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14 pages, 276 KiB  
Article
Shaping the Future of Smart Dentistry: From Artificial Intelligence (AI) to Intelligence Augmentation (IA)
by Hossein Hassani, Pedram Amiri Andi, Alireza Ghodsi, Kimia Norouzi, Nadejda Komendantova and Stephan Unger
IoT 2021, 2(3), 510-523; https://doi.org/10.3390/iot2030026 - 30 Aug 2021
Cited by 10 | Viewed by 6897
Abstract
Digitization is the emerging process in the current transformation of industry. Understanding the role and socio-economic consequences of digitalization is crucial for the way technology is being deployed in each sector. One of the affected sectors is dentistry. This study highlights the current [...] Read more.
Digitization is the emerging process in the current transformation of industry. Understanding the role and socio-economic consequences of digitalization is crucial for the way technology is being deployed in each sector. One of the affected sectors is dentistry. This study highlights the current advances and challenges in integrating and merging artificial intelligence (AI), intelligence augmentation (IA), and machine learning (ML) in dentistry. We conduct a comparative analysis to give an overview of which technology is being currently deployed and what role IA and AI will play in dentistry, as AI plays an assistive role in advancing human capabilities. We find that challenges range from AI finding its way into routine medical practice to qualitative challenges of retrieving adequate data input. Other challenges lie in the yet unanswered questions of liability in how to reduce deployment costs of new technology. Given these challenges, we provide an outlook of how future technology can be deployed in daily-life dentistry and how robots and humans will interact, given the current technology developments. The aim of this paper is to discuss the future of dentistry and whether it is AI or IA conquering the modern dentistry era. Full article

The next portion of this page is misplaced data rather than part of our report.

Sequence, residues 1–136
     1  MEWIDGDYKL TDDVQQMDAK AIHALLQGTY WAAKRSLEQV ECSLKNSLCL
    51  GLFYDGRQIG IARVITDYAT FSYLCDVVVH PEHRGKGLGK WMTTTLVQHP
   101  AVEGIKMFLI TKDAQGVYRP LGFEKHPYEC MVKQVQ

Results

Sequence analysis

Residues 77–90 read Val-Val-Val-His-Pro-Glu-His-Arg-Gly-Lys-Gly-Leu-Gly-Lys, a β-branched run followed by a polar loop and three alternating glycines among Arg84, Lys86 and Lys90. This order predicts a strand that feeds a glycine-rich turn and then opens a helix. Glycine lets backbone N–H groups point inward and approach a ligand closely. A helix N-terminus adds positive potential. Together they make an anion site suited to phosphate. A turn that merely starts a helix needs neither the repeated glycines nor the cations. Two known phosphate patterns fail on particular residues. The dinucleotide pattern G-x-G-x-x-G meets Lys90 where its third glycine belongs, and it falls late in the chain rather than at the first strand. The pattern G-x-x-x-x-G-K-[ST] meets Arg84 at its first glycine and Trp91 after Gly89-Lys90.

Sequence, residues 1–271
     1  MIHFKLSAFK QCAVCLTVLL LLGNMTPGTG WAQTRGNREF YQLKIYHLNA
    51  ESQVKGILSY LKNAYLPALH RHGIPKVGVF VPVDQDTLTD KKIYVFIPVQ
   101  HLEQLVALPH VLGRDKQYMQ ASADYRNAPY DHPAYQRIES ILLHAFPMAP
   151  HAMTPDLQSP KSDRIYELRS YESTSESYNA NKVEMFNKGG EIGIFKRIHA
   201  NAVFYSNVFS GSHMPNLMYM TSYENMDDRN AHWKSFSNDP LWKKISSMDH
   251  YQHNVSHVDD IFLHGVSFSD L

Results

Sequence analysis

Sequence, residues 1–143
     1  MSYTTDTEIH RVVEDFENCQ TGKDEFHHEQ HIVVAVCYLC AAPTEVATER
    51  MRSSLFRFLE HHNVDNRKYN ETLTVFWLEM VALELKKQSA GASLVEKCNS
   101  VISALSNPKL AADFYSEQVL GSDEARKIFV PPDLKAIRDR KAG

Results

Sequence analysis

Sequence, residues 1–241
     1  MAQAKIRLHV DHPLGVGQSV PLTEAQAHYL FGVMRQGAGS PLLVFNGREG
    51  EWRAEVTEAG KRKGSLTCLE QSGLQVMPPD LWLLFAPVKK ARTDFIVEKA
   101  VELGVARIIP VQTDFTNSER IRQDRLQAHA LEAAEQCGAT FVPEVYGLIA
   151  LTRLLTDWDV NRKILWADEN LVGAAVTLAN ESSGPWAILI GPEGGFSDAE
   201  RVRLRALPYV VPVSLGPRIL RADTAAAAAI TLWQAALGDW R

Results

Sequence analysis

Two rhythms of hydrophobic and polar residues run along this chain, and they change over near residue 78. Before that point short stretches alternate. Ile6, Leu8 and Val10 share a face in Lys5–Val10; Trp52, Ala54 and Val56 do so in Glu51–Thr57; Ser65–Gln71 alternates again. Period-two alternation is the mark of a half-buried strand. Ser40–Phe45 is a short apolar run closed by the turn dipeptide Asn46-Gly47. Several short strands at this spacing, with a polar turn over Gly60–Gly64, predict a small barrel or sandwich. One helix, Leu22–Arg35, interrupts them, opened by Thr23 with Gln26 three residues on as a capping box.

12 pages, 3283 KiB  
Article
Analysis of Feedback Evaluation for Trust Management Models in the Internet of Things
by Claudio Marche, Luigi Serreli and Michele Nitti
IoT 2021, 2(3), 498-509; https://doi.org/10.3390/iot2030025 - 11 Aug 2021
Cited by 3 | Viewed by 2969
Abstract
The Internet of Things (IoT) is transforming the world into an ecosystem of objects that communicate with each other to enrich our lives. The devices’ collaboration allows the creation of complex applications, where each object can provide one or more services needed for [...] Read more.